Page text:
COVID-19: Boris Johnson calls on EU leaders to veto coronavirus vaccine export lockdowns | Political news

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 COVID-19: Boris Johnson calls on EU leaders to veto coronavirus vaccine export lockdowns |  Political news


Boris Johnson is expected to urge EU leaders this week to reject any proposal to block exports of coronavirus vaccines to the UK.

The President of the European Commission, Ursula von der Leyen, insisted this weekend that the EU had the power to “ban” the exports of coronavirus doses, adding: “That is the message to AstraZeneca. ”

And EU Commissioner Mairead McGuinness refused to rule out a ban, saying “everything is on the table”.

The warnings reflect growing frustration on the continent that the EU is not receiving the supplies it expected from the Oxford-AstraZeneca. COVID-19[feminine[feminine vaccine from the Anglo-Swedish manufacturer.

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Ursula von der Leyen insisted that the EU has the power to ‘ban’ exports

Many European countries know an outbreak of infections amid the slow deployment of vaccines, France and Italy being among the countries forced to new restrictions.

Mr Johnson is expected to contact his EU counterparts ahead of a virtual summit on Thursday where EU leaders are expected to consider the matter, the Financial Times reported.

Government sources said the prime minister spoke to Ms von der Leyen, as well as Dutch and Belgian prime ministers Mark Rutte and Alexander De Croo last week.

He could speak to other EU leaders in the coming days, the government source added.

Speaking as part of Sky News’ Sophy Ridge On Sunday program, Defense Secretary Ben Wallace said any attempt by the EU to block vaccine exports would be “counterproductive” and damage the country’s reputation. block in the world.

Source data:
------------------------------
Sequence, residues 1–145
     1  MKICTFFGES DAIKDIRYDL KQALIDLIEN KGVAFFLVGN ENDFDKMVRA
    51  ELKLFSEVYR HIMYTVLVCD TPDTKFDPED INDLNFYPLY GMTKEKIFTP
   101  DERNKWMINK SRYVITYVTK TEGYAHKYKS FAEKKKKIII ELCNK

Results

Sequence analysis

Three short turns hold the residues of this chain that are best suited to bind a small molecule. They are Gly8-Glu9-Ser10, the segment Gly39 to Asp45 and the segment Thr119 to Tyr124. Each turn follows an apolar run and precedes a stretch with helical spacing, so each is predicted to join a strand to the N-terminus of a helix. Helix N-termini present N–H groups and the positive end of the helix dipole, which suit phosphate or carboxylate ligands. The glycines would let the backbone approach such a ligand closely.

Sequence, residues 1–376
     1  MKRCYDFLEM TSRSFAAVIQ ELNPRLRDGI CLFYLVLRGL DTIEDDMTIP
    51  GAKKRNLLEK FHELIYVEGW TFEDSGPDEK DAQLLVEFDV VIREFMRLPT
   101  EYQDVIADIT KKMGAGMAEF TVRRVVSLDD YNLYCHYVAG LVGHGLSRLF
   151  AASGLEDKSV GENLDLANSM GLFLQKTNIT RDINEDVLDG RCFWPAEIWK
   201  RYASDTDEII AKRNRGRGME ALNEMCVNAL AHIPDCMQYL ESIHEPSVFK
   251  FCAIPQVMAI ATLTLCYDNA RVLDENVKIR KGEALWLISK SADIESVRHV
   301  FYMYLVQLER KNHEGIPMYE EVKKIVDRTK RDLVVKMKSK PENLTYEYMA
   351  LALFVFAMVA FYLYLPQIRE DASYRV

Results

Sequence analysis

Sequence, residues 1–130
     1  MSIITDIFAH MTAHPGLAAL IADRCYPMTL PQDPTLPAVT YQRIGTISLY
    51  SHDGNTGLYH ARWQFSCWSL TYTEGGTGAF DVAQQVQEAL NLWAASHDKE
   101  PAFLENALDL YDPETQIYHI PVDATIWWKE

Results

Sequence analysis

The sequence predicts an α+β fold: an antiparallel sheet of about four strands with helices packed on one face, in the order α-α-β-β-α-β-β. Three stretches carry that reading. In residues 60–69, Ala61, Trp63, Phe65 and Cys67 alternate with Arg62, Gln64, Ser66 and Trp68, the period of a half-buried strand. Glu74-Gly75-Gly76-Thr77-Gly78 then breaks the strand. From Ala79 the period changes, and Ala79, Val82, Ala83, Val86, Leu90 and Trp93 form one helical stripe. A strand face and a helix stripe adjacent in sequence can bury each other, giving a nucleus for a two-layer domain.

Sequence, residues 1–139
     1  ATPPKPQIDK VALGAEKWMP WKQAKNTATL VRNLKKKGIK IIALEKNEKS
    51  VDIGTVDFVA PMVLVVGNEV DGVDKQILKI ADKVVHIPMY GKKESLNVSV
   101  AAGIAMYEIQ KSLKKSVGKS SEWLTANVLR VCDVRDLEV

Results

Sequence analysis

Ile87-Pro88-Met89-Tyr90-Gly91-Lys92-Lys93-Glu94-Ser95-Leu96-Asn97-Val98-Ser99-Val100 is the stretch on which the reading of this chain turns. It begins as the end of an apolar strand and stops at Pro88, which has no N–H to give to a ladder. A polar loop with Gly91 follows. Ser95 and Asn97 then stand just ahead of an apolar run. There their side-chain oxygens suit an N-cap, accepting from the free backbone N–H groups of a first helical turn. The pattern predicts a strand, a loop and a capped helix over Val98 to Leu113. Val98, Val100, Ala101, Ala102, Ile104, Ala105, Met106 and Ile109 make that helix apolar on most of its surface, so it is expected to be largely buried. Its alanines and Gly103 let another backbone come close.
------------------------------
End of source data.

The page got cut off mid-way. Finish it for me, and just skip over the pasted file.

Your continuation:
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EU risks ‘damaging its reputation’ over jab export ban

He said: “If contracts and commitments are broken, it is a very damaging thing for a trade bloc that prides itself on the rule of law.

“It would be counterproductive because the only thing we know about vaccine production and manufacturing is that it is a collaboration.

“If we start unchecking this, if the Commission starts doing this, I think it would jeopardize not only the chances of their citizens to have a proper vaccination program, but also many other countries in the world with damage to the country’s reputation. EU, I think, it would be very difficult for them to change in the short term. ”

Meanwhile, Mr Johnson said Saturday was ‘a record day for vaccine deployment, with 873,784 people getting hit’ in the UK.

Health Secretary Matt Hancock tweeted: “For the second day in a row, the team reached a new record number of vaccines administered in a single day – 873,784.

“This massive team effort shows the best of Britain – thank you to the British public for coming forward. ”

NHS chief executive Sir Simon Stevens said: ‘In one day we vaccinated the equivalent of the entire adult populations of Liverpool, Southampton and Oxford combined. ”

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“AstraZeneca vaccine is safe,” says European regulator

But Professor Jeremy Brown, a member of the Joint Committee on Vaccination and Immunization, said the UK jab rollout could be “slightly” delayed due to supply issues.

He told Sky News: “It was always the vaccine supply that was the concern that could delay things, and yes, I suspect our vaccination schedule will be delayed slightly from what we thought. it could have been a few weeks ago.

“But then we’re ahead of schedule, so we’re probably going to go back to the original schedule and end up giving all adults a vaccine around mid to late summer. ”

Analysis: Minister hints at retaliation if EU imposes vaccine export ban

By Rob Powell, Political Correspondent

He didn’t say so explicitly, but Ben Wallace makes it clear that the UK could fight back if the EU decides to block vaccine exports.

Any kind of cross-border jab warfare would not be good for either, because supply chains are so intertwined.

For example, if the EU were to block shipments of Pfizer vaccine to the UK, Westminster could respond by stopping the Yorkshire-made lipids that are needed for the vaccine to pass to Belgium.

But the European Commission is under immense pressure from the Member States.

A combination of over-caution regarding the Oxford jab and AstraZeneca’s stuttering supplies saw the bloc’s vaccine rollout slowly start.

Brussels chef Ursula von der Leyen raised the temperature again, pointedly mentioning that no vaccine stock had come from the UK recently.

EU leaders will meet on Thursday to discuss the way forward.

In the face of the feverish Brexit situation, a ban on exports to the UK would be a major step, especially given the apparent reassurance Boris Johnson pulled out of the EU earlier this year.

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